While Kelly said she briefed county leaders on a conference call this morning, several counties did not immediately respond to the Kansas News Services’ requests for comment on how they’d move forward. Sedgwick County has called a Wednesday meeting to discuss the changes.

Wyandotte County officials said late Tuesday they will stick the Phase 2 plan set out by Kelly. That will stay in effect until June 8, Mayor David Alvey said.

“No matter what political battles rage at the state level, our fight has been and will continue to be against the novel coronavirus,” Alvey said. “We will restrict, or relax, as much as is necessary to prevent overwhelming first responders and our health care system, while simultaneously working to re-open our community at the appropriate time.”

Dr. Erin Corriveau, Wyandotte County’s deputy medical officer, said the decision focused on the “significant number of residents who are at high risk from a COVID-19 infection.” The county has 1,270 confirmed cases and 72 deaths, according to the health department’s website.

Kelly is calling the Legislature back to Topeka on June 3 to work on the state’s coronavirus response, but lawmakers aren’t barred from taking up other topics. The session potentially gives issues that stalled another chance, like Medicaid expansion and a constitutional amendment on abortion.

Kelly said having some guidelines in place to phase in the reopening of businesses would protect the state from more dire consequences that would follow future surges in the coronavirus outbreak.

Under the legislation she vetoed, she would have needed to seek approval from lawmakers for keeping certain businesses closed, and orders wouldn’t have been enforced with criminal charges, only fines. The legislation also could have given county governments leeway to approve less strict requirements for gatherings and businesses.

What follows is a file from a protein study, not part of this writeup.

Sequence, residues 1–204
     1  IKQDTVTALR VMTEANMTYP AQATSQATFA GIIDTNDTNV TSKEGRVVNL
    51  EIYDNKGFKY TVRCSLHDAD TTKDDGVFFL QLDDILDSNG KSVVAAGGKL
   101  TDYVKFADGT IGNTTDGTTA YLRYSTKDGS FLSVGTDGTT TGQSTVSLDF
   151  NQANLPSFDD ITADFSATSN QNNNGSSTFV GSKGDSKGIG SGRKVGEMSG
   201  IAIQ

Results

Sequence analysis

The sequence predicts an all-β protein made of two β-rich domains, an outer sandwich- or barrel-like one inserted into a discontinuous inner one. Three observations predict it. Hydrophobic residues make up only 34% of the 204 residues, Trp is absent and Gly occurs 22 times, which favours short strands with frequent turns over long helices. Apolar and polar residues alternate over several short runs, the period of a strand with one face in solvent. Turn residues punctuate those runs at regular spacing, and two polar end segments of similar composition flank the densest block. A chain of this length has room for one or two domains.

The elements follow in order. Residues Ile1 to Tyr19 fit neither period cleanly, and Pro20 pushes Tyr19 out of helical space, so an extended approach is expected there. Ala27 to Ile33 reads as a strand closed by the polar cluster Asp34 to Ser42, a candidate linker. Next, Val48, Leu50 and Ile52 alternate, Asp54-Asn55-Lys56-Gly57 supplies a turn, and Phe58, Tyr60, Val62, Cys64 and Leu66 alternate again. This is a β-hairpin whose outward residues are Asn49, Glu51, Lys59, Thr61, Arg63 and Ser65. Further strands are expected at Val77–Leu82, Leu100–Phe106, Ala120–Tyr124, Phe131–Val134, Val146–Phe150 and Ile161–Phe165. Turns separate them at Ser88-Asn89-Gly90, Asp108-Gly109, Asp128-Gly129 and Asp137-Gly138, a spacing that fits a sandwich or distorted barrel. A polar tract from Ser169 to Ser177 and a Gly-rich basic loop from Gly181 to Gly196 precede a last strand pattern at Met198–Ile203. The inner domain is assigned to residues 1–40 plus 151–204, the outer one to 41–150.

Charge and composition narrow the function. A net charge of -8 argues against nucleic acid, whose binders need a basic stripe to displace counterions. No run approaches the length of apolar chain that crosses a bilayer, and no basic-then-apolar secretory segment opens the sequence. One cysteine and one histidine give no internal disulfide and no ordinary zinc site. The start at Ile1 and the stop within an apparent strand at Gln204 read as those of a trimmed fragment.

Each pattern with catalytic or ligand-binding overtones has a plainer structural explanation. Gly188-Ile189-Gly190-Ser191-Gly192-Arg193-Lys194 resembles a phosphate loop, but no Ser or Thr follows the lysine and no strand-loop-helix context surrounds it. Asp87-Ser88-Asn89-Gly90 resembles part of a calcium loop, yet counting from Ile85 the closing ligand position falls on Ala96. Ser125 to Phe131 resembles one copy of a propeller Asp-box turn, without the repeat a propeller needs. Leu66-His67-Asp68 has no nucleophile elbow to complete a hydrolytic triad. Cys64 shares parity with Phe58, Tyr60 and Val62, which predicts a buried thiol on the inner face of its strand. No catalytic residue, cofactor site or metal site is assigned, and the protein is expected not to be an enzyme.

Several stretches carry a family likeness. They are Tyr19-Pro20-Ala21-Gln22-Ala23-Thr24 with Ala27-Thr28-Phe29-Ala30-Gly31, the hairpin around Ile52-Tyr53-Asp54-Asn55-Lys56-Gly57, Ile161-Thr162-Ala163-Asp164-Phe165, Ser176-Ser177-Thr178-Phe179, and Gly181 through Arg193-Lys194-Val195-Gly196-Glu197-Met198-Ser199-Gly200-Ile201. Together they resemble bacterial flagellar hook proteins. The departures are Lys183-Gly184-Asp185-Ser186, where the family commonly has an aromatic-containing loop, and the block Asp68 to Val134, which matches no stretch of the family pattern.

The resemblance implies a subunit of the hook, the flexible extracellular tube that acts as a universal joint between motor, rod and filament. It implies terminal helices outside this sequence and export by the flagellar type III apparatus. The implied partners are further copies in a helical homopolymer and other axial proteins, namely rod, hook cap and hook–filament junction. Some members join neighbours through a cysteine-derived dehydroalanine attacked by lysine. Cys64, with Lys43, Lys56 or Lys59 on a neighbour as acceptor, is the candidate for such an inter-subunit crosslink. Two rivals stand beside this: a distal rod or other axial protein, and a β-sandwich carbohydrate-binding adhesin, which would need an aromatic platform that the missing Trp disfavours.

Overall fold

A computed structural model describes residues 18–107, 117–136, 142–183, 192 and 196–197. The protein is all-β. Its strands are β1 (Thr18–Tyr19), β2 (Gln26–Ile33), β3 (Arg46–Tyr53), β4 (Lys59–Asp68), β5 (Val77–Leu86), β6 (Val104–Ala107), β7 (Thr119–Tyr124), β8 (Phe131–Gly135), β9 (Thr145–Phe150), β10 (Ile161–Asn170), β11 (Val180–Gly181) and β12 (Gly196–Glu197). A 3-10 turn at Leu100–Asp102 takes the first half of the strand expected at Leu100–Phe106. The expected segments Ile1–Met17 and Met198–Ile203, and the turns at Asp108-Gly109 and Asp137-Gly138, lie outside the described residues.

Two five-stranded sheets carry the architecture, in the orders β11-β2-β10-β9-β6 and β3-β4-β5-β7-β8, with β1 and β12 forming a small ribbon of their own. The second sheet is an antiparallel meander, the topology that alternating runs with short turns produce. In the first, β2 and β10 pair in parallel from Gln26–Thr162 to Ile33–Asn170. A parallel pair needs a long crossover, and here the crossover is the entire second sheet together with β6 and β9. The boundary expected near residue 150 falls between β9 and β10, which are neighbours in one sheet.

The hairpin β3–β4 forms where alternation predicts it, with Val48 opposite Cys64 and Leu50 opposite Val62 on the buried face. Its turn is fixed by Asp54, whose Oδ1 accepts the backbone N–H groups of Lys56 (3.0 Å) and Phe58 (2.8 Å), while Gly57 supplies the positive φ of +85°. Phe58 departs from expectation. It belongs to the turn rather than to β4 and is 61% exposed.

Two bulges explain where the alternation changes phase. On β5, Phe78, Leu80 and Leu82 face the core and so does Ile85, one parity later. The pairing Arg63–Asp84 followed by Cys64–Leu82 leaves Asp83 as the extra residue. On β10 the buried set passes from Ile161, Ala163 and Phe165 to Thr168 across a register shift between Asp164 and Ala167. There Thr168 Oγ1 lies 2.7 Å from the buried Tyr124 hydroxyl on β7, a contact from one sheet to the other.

Attorney General Derek Schmidt previously said Kelly may not have had the authority to issue additional declarations, though his opinion is not legally binding.

Panels of lawmakers also would have controlled more than $1.25 billion in federal aid. The veto means, for now, the authority to spend that money will stay in Kelly’s administration.

Any new orders related to the coronavirus would have been subject to review by legislative leaders within 24 hours

KCUR reporter Peggy Lowe contributed to this story.

Stephen Koranda is the Statehouse reporter for Kansas Public Radio and the Kansas News Service. You can follow him on Twitter@kprkoranda. Jim McLean is the senior correspondent for the Kansas News Service. You can reach him on Twitter @jmcleanks or email jim (at) kcur (dot) org.

The Kansas News Service is a collaboration of KCUR, Kansas Public Radio, KMUW and High Plains Public Radio focused on health, the social determinants of health and their connection to public policy. Kansas News Service stories and photos may be republished by news media at no cost with proper attribution and a link to ksnewsservice.org.

As the Kansas News Service managing editor, I help our statewide team of reporters find the important issues and breaking news that impact people statewide. We refine our daily stories to illustrate the issues and events that affect the health, well-being and economic stability of the people of Kansas. Email me at skoranda@kcur.org.
Jim McLean is a political correspondent for the Kansas News Service, a collaboration based at KCUR with other public media stations across Kansas. You can email him at jim@kcur.org.